There you rest
In a quiet New England town,
Your grave surrounded by trees with multi-colored leaves.
Not quite the Colorado mountains
That you loved,
But enveloped in a woodsy setting nonetheless.
Now you sleep,
Teasing the angels
With your love of trivia,
Or maybe you’re running endless math equations,
Or rafting in heavenly streams.
I’m here to see you
One last time.
To lay a tear or two on your grave,
And say no regrets.
I came to say good-bye, my love
And then I’ll say no more.
I wonder if he ever realized his part in our final tortured days together. Did he know my anger over his inability to say three words: “I love you”, or the endless evenings when he came home at midnight with stories about a woman at work who he said slept with everyone. Everyone, I thought? Everyone would include him but he never said. And I too timid (then) to demand he curb his twelve hours work days. I who hated the slut at his workplace that I fortunately never met (but I still remember her name).
Did he care or even know that my passions and feelings were denied? He in turn hated my dogs and their competitions. In a twist of fate decades later he bought a house a mere twenty minutes from one of the biggest dog training facilities in the country. I wonder if he knew about the place and if it was a constant reminder of me, a thorn in his side.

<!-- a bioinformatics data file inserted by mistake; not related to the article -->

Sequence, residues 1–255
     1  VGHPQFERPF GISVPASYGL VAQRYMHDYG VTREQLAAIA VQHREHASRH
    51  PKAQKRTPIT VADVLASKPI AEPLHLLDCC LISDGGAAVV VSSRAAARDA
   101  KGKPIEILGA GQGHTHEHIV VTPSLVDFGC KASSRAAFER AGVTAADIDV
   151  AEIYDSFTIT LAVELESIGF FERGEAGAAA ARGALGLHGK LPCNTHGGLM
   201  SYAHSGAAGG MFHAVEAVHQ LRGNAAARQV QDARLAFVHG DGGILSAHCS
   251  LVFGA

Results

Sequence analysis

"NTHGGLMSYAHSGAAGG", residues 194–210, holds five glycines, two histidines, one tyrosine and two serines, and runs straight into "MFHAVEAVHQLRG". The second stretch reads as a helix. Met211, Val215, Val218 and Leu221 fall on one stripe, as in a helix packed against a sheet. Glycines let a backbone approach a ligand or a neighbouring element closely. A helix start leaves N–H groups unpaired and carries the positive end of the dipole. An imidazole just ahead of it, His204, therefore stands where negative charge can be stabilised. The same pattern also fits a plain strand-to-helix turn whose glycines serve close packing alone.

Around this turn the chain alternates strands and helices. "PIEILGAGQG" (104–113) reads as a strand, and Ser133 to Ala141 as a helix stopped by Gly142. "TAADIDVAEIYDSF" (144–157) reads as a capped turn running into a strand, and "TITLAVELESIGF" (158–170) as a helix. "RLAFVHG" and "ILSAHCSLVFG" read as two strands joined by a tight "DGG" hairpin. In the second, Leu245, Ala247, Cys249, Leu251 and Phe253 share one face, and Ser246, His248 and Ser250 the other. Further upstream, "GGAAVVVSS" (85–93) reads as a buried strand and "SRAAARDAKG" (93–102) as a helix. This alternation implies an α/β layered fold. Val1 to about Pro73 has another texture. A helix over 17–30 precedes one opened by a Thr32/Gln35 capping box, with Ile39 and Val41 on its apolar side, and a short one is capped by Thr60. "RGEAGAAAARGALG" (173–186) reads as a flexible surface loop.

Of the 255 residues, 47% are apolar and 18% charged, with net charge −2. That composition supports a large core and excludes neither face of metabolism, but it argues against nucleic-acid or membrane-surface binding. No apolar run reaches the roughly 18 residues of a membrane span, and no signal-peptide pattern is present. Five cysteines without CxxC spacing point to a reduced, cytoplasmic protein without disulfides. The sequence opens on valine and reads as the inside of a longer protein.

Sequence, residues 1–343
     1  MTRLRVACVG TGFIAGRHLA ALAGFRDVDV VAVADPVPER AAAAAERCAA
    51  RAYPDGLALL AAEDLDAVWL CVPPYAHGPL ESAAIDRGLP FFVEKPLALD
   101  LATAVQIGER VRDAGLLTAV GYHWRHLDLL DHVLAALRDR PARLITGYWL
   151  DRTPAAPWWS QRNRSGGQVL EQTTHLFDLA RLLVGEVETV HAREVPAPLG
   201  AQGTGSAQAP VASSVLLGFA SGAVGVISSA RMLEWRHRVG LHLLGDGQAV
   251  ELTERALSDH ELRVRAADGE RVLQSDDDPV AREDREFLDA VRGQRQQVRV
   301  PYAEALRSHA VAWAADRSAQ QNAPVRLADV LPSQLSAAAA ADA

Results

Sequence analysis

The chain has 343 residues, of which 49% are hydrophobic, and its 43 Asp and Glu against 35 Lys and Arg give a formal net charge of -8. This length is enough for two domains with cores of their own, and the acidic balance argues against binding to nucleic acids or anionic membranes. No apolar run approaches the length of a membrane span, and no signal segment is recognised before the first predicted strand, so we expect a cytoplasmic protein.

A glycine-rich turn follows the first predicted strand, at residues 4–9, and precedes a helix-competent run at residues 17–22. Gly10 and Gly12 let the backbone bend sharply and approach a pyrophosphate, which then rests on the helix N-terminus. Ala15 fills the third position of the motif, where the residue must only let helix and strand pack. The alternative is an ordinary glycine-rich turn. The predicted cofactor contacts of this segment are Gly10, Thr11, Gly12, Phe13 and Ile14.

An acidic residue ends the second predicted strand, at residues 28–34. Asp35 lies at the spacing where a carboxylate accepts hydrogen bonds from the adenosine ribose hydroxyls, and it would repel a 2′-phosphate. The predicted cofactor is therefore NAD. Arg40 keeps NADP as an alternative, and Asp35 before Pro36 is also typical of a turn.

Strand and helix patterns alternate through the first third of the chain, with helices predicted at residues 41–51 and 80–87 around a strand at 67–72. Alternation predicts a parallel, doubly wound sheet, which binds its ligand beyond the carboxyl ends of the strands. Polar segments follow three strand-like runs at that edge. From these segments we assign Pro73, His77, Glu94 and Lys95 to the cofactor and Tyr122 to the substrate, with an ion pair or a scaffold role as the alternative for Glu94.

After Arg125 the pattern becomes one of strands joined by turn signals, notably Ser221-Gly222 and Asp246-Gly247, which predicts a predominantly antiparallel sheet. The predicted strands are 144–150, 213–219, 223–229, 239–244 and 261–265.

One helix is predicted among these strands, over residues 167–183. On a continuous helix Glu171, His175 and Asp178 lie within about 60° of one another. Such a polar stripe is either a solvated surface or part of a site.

Now it’s time to let go of the man I loved and hated and later missed, time to say a final good-bye and leave him to lay in his grave, leave him in my past.
I turned my rental car north from the gravesite to American K9 Country in Amherst, New Hampshire. I wanted to be with my people, dog people, those who understand my language, and to hug their dogs. Dogs who give me the unconditional love I deserve.